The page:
(Strengthens calves)

Standing with your feet together and your hands on your waist, open your toes out diagonally, keeping your heels together (known as first position in ballet). Lift your heels up as high as you can, squeeze your calves and tap your heels to the floor. Do 40 raises.

(Strengthens quadriceps and lower abs)

Keeping your feet in first position and your hands on your waist, lift your right leg as high as you can directly in front of you, keeping it straight. Hold at the highest point for two beats and then lower. Do 25 times and switch sides.

(Strengthens obliques and quadriceps)

With your feet in first position, bring your hands above your head with your palms facing each other. Lower your right arm and lift your right leg, bending both touch your elbow to your knee. Do 25 times and switch sides.

(Stretches hips)

Sitting on floor with your hands behind you—palms down, fingers pointing backward, and elbows slightly bent—bring your feet up two feet from your tailbone. Keep the sole of your right foot flat on the ground, cross your left leg on top of your right leg, and sit up straight. Focus on pressing your lower back toward your left calf. If you want to go deeper, slightly press your left knee away from you. Hold for 15 seconds and switch sides.

(Stretches groin and strengthens abs)

Lying on your back, bring your legs into a butterfly position—knees out with the soles of your feet touching. Relax your legs. Bring your hands, fingers laced, behind your head, leaving your thumbs on your neck as sensors to keep your neck relaxed. Using your abs only, lift your upper body up two inches and back down 25 times. Then hold your upper body up and lift your legs two inches from the ground, tapping the sides of your feet back on the ground 25 times. For an advanced variation, raise and lower upper body and legs simultaneously.

(Stretches hamstrings)

Lying on your back, pull your right knee toward your right shoulder using your hands, fingers laced, around the shin. Press your tailbone and lower back toward the ground. Hold for 15 seconds and switch sides.

(Strengthens chest)

Get into a push-up position either with your toes flexed or knees on the floor. Lower yourself until your chest nearly touches the ground then push back up. As you straighten your elbows, feel your spine press toward the ceiling (to help engage your back muscles as well). Do as many push-ups as you can (this is called exercising to failure, and it's what helps build strength in your muscles). If these are too hard, just hold your chest off the ground without moving.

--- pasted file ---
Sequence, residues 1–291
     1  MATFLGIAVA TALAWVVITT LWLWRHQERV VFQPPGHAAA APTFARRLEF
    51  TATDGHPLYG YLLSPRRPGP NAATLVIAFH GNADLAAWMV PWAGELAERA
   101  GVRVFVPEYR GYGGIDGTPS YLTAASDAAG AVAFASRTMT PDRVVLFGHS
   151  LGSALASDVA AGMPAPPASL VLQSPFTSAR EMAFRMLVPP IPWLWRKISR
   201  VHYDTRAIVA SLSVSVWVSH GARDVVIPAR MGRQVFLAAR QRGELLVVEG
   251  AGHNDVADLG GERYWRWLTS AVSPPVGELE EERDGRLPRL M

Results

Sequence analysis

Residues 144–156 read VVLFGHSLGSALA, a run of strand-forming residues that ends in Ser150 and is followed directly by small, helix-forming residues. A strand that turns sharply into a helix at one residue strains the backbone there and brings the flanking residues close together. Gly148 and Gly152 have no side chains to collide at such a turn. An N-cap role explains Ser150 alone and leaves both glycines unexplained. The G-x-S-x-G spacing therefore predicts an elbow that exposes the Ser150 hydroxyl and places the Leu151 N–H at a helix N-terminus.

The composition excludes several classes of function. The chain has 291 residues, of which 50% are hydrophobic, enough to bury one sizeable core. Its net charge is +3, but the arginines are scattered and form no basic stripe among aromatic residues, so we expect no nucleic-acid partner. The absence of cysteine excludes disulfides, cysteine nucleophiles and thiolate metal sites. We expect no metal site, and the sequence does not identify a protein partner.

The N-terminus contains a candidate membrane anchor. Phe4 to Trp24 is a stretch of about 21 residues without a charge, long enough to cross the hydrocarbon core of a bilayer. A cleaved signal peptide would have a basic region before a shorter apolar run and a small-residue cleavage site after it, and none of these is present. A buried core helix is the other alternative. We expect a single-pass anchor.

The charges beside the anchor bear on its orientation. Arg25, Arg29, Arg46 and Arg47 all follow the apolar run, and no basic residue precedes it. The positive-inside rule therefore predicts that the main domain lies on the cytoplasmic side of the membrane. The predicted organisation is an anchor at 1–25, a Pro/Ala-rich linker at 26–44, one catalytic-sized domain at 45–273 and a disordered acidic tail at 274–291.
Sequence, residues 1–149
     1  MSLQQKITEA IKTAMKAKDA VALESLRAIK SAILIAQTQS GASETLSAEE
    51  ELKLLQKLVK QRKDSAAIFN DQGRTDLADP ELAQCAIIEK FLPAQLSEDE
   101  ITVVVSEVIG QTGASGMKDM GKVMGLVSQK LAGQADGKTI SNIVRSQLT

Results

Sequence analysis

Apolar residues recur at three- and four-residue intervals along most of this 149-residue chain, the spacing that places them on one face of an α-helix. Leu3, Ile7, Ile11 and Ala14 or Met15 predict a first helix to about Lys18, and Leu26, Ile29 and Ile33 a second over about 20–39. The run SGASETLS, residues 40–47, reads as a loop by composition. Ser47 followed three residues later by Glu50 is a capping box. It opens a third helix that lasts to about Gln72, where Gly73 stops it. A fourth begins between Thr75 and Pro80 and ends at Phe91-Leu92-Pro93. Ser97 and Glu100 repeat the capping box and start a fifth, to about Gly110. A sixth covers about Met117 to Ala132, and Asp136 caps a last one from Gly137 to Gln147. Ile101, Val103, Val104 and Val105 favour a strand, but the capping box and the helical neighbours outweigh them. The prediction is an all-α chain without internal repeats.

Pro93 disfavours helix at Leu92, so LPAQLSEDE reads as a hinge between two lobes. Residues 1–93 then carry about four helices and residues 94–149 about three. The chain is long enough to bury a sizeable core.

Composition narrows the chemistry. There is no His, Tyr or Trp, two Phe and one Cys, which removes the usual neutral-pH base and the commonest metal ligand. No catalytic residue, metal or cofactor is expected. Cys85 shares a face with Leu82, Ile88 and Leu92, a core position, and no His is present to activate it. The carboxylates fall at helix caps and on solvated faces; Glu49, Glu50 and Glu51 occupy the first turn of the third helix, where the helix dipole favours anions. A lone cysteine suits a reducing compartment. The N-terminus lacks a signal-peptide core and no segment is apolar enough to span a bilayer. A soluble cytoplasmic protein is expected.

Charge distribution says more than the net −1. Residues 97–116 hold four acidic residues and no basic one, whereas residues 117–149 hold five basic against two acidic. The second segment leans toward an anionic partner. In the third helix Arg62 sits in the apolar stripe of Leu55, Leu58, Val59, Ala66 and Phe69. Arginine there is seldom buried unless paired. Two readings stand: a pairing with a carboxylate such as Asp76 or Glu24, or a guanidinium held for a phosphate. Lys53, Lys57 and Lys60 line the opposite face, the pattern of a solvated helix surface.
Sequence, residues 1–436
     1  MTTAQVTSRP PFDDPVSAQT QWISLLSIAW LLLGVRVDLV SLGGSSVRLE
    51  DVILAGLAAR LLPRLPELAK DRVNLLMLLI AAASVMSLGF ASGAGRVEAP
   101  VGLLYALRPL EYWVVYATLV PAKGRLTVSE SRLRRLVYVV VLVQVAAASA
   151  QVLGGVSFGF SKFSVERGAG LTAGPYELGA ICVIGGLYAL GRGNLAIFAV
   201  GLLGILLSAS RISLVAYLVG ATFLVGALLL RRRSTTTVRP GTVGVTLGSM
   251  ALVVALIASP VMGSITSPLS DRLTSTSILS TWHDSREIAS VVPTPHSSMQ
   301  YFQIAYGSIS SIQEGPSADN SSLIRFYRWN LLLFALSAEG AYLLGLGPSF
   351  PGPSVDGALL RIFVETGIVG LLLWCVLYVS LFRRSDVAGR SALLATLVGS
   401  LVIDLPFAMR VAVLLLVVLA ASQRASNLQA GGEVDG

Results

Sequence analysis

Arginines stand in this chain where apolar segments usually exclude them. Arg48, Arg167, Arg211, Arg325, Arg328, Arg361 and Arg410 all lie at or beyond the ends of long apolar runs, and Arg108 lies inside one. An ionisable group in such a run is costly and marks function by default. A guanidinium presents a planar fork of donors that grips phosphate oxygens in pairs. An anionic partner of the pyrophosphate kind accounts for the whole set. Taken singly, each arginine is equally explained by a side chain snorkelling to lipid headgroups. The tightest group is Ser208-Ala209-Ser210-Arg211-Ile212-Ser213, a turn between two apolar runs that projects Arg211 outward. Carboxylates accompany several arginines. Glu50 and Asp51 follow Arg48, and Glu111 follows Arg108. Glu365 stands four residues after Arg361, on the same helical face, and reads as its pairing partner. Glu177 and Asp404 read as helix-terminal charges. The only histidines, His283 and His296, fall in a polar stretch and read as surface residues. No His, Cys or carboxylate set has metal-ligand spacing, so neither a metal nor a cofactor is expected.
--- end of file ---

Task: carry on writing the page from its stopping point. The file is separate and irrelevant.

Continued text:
(Stretches chest and arms)

Sit up straight with your shins and feet tucked under your thighs, and lace your fingers behind your butt, while keeping your arms straight. Lift your hands up, knuckles facing back, while opening your chest wide. Squeeze your shoulder blades together to open up your chest more. You can also interweave your fingers behind your head and pull your hands away from your head. Keep face forward and chin up.

(Strengthens abs and shoulders)

Get into a push-up position, with your elbows and toes on the floor. Keep your stomach pulled in and buttocks tight and your eyes looking at the floor (ignore the fact that you have to vacuum). Hold the position for as long as you can. If you can last more than a minute, make it more difficult by lowering your chin 20 times out in front of your laced hands or by trying to balance on one foot.

(Stretches abdominals and obliques)

From a push-up position, with your hands below your shoulders, lift your chest and torso up into the air so your upper body is nearly perpendicular to the floor as you come onto the tops of your feet. Arch backward to stretch your abdominals, but keep your butt relaxed. Hold 10 seconds. Then look over your right shoulder for 10, your left shoulder for 10, and back to center.

(Strengthens lower back)

Lie flat on your stomach, reaching your arms overhead with your palms down. Extend your extremities straight out, away from your torso, and lift your arms and legs simultaneously for enough repetitions to cause some muscle fatigue. Look down, and don't overextend your neck. This is about how long you can stretch your body, not how high. Squeeze your butt as you lift. Try to make it to a minute.

(Strengthens butt and hamstrings)

Stand with your feet together and your left hand on your waist. Lift your right foot behind you and reach your right hand out in front of you. Try to pendulum forward and touch your right hand to the ground while your right leg lifts up behind you. Concentrate on really squeezing your butt. If this is too hard, come down only partially. Do 20 times and then switch legs.

(Strengthens legs)

With your arms stretched to your sides, palms up, and your feet turned out, hip-width apart, squat so your hamstrings are parallel to the ground (or close to it) while your knees remain in line with your heels. Now straighten your legs and rise back up, squeezing your butt and curling your tailbone under you. Do 25 times. To make it more difficult, hold in the down position and pulse 25 times.

(Stretches quadriceps)

While standing on one leg, bend the knee of the opposite leg and grab the foot behind your back with both hands (or use one arm to hold something to stay balanced). Pull the foot toward your butt while lifting your chest forward and squeezing your shoulder blades together. Keep your knees together and abs pulled in to support your lower back. Hold 20 seconds and switch legs


36. Swiss-Ball Pike

  1. Start in a high plank, but with your shins on a Swiss ball. Your body should form a straight line from ankles to head.
  2. Without bending your knees, roll the Swiss ball toward your body by raising your hips as high as you can.
  3. Pause, then roll the ball back out to return the ball to the starting position.

For best results, concentrate on controlling the ball with your core, not your arms or legs.